SINGAPORE (Jan 23): Singapore’s headline and core inflation for 2019 has eased in line with economists’ expectations and official forecasts.

Headline inflation – the measure of the total inflation in the economy – came in at 0.6%, ahead of the 0.4% recorded in 2018, according to the consumer price index (CPI) released by the Department of Statistics on Thursday. The data comes in at 0.1 percentage point ahead of the 0.5% forecast.

Meanwhile, core inflation – which excludes accommodation and road transport costs – was 1%, down from the 1.7% the year before. This brings Singapore’s inflation level to the highest it has been since May 2019, and coincides with forecasts of the index coming in at the lower end of a 1% to 2% range.

The boost to headline inflation comes from the 3.1% y-o-y increase in pump prices and private road transport costs in December, a steep increase from the 2.3% growth in November.

Aside from this, the inflation rate of the services industry expanded by 1.3% y-o-y, from 1.1% previously, reflecting an increase in expenditure on holidays and telecommunications and educations fees, the Monetary Authority of Singapore (MAS) and Ministry of Trade and Industry (MTI) note in a joint statement.

The prices of retail goods came in at 0.7%, up from the 0.5% in November, due to lower cost of clothing, shoes and recreation and entertainment services. Food inflation also edged up to 1.8%, from the 1.7% logged in the previous month.

On the contrary, electricity and gas costs were down 11.4%, continuing from its 11.8% slump in November. This comes amid the liberalisation of the open electricity market for households. Accommodation costs also inched down 0.1% from 0.2% in November, on the back of easing decline in rents.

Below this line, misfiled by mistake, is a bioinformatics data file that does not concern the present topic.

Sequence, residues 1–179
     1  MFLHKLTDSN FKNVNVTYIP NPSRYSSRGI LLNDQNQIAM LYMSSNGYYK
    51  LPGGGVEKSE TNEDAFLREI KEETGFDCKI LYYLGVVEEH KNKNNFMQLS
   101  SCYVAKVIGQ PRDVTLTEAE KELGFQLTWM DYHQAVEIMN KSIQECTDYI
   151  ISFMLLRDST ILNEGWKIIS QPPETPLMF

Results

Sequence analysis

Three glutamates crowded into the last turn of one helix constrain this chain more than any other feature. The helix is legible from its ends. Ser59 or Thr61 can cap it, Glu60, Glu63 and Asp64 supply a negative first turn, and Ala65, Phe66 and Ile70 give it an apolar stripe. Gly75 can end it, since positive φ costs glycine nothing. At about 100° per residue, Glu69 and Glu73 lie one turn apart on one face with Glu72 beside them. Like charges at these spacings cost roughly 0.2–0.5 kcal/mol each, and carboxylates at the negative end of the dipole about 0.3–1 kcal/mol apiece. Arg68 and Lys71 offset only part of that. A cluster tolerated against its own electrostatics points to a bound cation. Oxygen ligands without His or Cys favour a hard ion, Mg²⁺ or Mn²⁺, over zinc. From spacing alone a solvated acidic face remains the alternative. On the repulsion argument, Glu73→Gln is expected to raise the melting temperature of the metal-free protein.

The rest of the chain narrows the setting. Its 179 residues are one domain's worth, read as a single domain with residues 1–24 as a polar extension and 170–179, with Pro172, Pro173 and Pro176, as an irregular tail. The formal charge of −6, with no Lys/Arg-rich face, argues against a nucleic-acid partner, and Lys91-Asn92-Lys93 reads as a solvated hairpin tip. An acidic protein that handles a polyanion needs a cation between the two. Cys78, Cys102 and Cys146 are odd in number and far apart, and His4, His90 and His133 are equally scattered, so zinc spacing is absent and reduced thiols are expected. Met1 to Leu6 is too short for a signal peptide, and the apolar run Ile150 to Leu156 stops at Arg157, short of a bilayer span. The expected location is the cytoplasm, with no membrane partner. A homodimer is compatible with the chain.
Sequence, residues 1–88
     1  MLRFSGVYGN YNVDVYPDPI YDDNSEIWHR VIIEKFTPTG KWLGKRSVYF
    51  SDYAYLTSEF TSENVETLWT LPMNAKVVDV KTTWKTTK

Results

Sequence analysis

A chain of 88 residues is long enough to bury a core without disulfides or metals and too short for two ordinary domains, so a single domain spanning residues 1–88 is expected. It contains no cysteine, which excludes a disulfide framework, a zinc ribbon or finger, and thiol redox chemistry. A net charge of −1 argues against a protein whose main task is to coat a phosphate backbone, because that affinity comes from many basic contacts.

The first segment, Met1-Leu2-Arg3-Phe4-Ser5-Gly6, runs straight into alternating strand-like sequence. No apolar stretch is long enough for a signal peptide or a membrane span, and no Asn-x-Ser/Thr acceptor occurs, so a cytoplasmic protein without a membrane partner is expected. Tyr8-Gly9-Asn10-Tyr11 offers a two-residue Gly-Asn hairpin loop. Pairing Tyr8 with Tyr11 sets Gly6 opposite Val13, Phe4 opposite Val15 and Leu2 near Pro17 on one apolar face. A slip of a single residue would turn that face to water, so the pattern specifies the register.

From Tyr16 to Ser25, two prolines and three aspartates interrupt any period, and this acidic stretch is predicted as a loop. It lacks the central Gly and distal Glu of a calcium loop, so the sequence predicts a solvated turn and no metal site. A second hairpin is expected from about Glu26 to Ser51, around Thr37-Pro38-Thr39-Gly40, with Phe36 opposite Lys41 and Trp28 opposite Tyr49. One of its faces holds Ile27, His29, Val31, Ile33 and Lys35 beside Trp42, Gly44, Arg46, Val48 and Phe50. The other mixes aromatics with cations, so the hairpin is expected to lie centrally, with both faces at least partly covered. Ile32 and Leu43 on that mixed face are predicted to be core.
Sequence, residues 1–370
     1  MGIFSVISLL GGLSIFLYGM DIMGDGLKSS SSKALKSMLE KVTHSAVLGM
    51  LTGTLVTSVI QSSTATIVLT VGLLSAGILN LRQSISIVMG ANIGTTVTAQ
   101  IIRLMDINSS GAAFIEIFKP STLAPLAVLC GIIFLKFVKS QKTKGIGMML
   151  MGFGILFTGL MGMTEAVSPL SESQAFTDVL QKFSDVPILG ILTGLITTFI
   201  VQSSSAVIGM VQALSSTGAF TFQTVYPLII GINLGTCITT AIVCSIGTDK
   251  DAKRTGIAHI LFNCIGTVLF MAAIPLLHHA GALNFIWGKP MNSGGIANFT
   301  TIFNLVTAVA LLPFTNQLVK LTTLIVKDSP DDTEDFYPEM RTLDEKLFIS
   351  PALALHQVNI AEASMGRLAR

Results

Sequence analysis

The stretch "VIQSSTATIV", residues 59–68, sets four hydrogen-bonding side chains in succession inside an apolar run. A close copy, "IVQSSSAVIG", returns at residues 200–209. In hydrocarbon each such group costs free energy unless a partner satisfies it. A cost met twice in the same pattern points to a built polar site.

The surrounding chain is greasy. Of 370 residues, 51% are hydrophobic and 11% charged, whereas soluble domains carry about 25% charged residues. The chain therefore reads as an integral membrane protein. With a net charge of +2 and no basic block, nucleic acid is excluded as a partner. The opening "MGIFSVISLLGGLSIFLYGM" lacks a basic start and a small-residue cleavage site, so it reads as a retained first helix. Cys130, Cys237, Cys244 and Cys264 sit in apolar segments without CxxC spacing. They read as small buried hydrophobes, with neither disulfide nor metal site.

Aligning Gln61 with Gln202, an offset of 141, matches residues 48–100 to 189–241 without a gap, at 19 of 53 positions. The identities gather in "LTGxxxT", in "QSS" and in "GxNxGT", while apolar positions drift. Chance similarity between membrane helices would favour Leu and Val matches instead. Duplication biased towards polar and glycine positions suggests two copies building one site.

Looking at the data, Maybank Kim Eng economists Chua Hak Bin and Lee Ju Yu say the latest uptick in the index is “consistent with the pick-up seen in most of Asia on the back of rising food and oil prices towards the end of 2019”. As such, they expect inflation to remain manageable this year since it has already bottomed out.

The MAS and MTI also note that external sources of inflation are likely to stay benign in the upcoming quarters. However, they warn of further volatility in oil prices and lower wage growth in the domestic labour market.

As such, they are looking at both headline and core inflation falling between 0.5% and 1.5% this year, as the “negative contribution of imputed rentals to headline inflation dissipates”.

Even so, UOB economist Barnabas Gan anticipates higher costs in labour-intensive service industries such as wholesale and retail trade, information and communication as well as accommodation and food services. This is a result of the tighter foreign worker quotes for the services sector and S pass holders that kicked in on Jan 1.

On a macro front, OCBC economist Howie Lee suggests that Singapore will face demand-pull inflation on its imports as a result of the tariff halted announced under the phase one trade deal between the US and China.

To this end, the MAS and MTI note that Singapore is “constrained by a subdued economic environment”.